How to Calculate a Daily Spending Allowance

by E.M. Rawes ; Updated July 27, 2017
It is often difficult to stay on a budget.

Items you will need

  • Paper
  • Pen or Pencil
  • Calculator
  • Copy of all of your monthly bills
  • Your paystub
  • Your bank statement

Many people are on a budget, but it isn't always easy to know how much you can spend and still stay on your budget. If you have a monthly spending allowance, you might risk running out of money half way through the month. If you have a daily spending allowance instead, you will know everyday how much money you have to spend without having to cut into your savings.

Step 1

Calculate your monthly income by multiplying your weekly pay, after taxes, by 4.28 on your calculator (bi-weekly pay is multiplied by 2.14). For example, a weekly pay of $950 equals a monthly pay of $4,066.

Step 2

Add all of your monthly bills, including your rent or mortgage, utilities, cable and Internet, cellular phones, home phone, car payment, car insurance, credit card bills, college tuition, daycare and any subscriptions or other monthly bills.

Step 3

Calculate your monthly grocery expenses by adding last month's grocery bills. Be sure to include all large grocery trips, small grocery trips and convenience store trips. According to the USDA in 2014, if you are a family of four, you and your spouse are between the ages of 19 and 50 and your children are between ages six and 11, you are on a liberal food plan if you spend $1293.20 per month on food; you are on a moderate-cost plan if you spend $1064.60 per month on food; you are on a low-cost plan if you spend $854.60 per month on food and you are on a thrifty plan if you spend $650.50 per month on food.

Step 4

Calculate your gas expense by adding up all gas purchases from last month's bank statement.

Step 5

Subtract your monthly bills, monthly grocery expenses and gas expenses from your monthly income to figure your savings and spending money. For example, if your monthly bills are $2,200, your grocery bill is $766, your gas expense is $100 and your income is $4,066, then you have $1,000 remaining each month for spending and saving.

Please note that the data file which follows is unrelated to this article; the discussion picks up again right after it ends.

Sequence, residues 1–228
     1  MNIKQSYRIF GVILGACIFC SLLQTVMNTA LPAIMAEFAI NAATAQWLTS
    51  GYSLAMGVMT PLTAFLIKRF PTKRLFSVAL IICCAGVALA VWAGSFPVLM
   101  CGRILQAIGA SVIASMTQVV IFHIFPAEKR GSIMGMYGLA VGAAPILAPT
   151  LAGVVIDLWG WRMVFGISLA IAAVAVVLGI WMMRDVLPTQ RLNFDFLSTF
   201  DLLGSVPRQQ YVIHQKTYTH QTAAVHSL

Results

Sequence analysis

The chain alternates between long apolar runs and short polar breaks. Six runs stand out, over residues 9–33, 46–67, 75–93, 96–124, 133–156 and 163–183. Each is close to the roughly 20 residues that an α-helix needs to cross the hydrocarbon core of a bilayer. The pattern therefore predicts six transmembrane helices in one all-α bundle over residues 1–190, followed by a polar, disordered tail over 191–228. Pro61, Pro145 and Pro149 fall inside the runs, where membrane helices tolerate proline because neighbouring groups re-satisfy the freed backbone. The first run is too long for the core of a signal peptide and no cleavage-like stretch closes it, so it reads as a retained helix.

Step 6

Subtract your desired monthly savings from your total after expenses have been subtracted to determine your monthly spending money. For example, if you have $1,000 remaining and you wish to save $300, the remaining balance would be $700.

Step 7

Divide your monthly spending money by 30 to figure your daily spending allowance. For example, if you have $700 in monthly spending money ($700/30=$23.33), you will have $23.33 to spend each day.

Tips

  • If you are on a liberal food plan, your food budget is high. You can buy generic brands, use coupons and eliminate convenience store trips to save money on your food costs.

    If you want to change your spending habits, track your spending using a computer program, such as Excel, or by hand in a notebook. It is easier to change your habits when you keep a journal of your spending.

Warnings

  • Be sure to include all bills and expenses in your calculations. If you mistakenly leave out a bill or expense, you will overstate how much money you can spend each day.

    If your income varies, account for that. It is better to understate your income than to overstate it. If you make a different amount of money each pay period, use your lowest earnings in your calculations. It is better to have money left over than to not have enough money.

About the Author

E.M. Rawes is a professional writer specializing in business, finance, mathematical and social sciences topics. She completed her studies at the University of Maryland, where she earned her Bachelor of Science. During her time working in workforce management and as a financial analyst, she reinforced her business and financial know-how.

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